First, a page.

CodeQL documentation

Thread-unsafe capturing of an ICryptoTransform object

ID: cs/thread-unsafe-icryptotransform-captured-in-lambda
Kind: problem
Severity: warning
Precision: medium
Tags:
   - concurrency
   - security
   - external/cwe/cwe-362
Query suites:
   - csharp-security-extended.qls
   - csharp-security-and-quality.qls

Click to see the query in the CodeQL repository

Classes that implement System.Security.Cryptography.ICryptoTransform are not thread safe.

This problem is caused by the way these classes are implemented using Microsoft CAPI/CNG patterns.

For example, when a hash class implements this interface, there would typically be an instance-specific hash object created (for example using BCryptCreateHash function). This object can be called multiple times to add data to the hash (for example BCryptHashData). Finally, a function is called that finishes the hash and returns the data (for example BCryptFinishHash).

Allowing the same hash object to be called with data from multiple threads before calling the finish function could potentially lead to incorrect results.

For example, if you have multiple threads hashing "abc" on a static hash object, you may occasionally obtain the results (incorrectly) for hashing "abcabc", or face other unexpected behavior.

It is very unlikely somebody outside Microsoft would write a class that implements ICryptoTransform, and even if they do, it is likely that they will follow the same common pattern as the existing classes implementing this interface.

Any object that implements System.Security.Cryptography.ICryptoTransform should not be used in concurrent threads as the instance members of such object are also not thread safe.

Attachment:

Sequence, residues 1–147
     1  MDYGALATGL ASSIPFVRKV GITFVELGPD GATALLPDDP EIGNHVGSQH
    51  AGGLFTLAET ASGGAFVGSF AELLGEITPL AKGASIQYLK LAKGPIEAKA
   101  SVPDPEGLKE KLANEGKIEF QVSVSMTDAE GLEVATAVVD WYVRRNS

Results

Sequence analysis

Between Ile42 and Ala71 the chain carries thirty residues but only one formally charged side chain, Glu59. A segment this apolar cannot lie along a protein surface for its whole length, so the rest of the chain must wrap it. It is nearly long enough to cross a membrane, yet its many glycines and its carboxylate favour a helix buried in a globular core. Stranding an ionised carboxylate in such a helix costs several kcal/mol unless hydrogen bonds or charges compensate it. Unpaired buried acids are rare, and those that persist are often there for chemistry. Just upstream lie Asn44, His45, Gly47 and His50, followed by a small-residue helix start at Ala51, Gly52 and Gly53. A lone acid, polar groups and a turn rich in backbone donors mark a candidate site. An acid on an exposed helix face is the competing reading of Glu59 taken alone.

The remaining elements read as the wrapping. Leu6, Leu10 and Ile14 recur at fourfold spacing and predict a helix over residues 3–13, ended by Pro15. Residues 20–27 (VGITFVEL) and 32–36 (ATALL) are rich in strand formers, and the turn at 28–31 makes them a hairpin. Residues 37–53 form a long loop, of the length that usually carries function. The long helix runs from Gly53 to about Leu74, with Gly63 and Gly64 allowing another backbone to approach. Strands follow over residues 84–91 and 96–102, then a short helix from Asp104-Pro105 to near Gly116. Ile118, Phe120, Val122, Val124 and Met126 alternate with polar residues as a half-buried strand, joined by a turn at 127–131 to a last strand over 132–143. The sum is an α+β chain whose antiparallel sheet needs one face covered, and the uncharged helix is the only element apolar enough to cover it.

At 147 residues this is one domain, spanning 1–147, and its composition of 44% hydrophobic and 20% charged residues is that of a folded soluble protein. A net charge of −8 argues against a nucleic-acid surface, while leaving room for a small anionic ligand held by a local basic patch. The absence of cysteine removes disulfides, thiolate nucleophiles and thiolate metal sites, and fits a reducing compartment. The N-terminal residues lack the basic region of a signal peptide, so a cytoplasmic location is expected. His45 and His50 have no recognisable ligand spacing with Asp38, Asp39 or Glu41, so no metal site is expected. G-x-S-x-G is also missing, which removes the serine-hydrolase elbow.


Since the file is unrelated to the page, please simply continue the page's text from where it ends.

Potential problems may not be evident at first, but can range from explicit errors such as exceptions, to incorrect results when sharing an instance of such an object in multiple threads.

Recommendation

Create new instances of the object that implements or has a field of type System.Security.Cryptography.ICryptoTransform to avoid sharing it accross multiple threads.

Example

This example demonstrates the dangers of using a shared System.Security.Cryptography.ICryptoTransform in a way that generates incorrect results or may raise an exception.

public static void RunThreadUnSafeICryptoTransformLambdaBad()
{
    const int threadCount = 4;
    // This local variable for a hash object is going to be shared across multiple threads
    var sha1 = SHA1.Create();
    var b = new Barrier(threadCount);
    Action start = () => {
        b.SignalAndWait();
        for (int i = 0; i < 1000; i++)
        {
            var pwd = Guid.NewGuid().ToString();
            var bytes = Encoding.UTF8.GetBytes(pwd);
            // This call may fail, or return incorrect results
            sha1.ComputeHash(bytes);
        }
    };
    var threads = Enumerable.Range(0, threadCount)
                            .Select(_ => new ThreadStart(start))
                            .Select(x => new Thread(x))
                            .ToList();
    foreach (var t in threads) t.Start();
    foreach (var t in threads) t.Join();
}

A simple fix is to change the local variable sha1 being captured by the lambda to be a local variable within the lambda.

public static void RunThreadUnSafeICryptoTransformLambdaFixed()
{
    const int threadCount = 4;
    var b = new Barrier(threadCount);
    Action start = () => {
        b.SignalAndWait();
        // The hash object is no longer shared
        for (int i = 0; i < 1000; i++)
        {
            var sha1 = SHA1.Create();
            var pwd = Guid.NewGuid().ToString();
            var bytes = Encoding.UTF8.GetBytes(pwd);
            sha1.ComputeHash(bytes);
        }
    };
    var threads = Enumerable.Range(0, threadCount)
                            .Select(_ => new ThreadStart(start))
                            .Select(x => new Thread(x))
                            .ToList();
    foreach (var t in threads) t.Start();
    foreach (var t in threads) t.Join();
}

References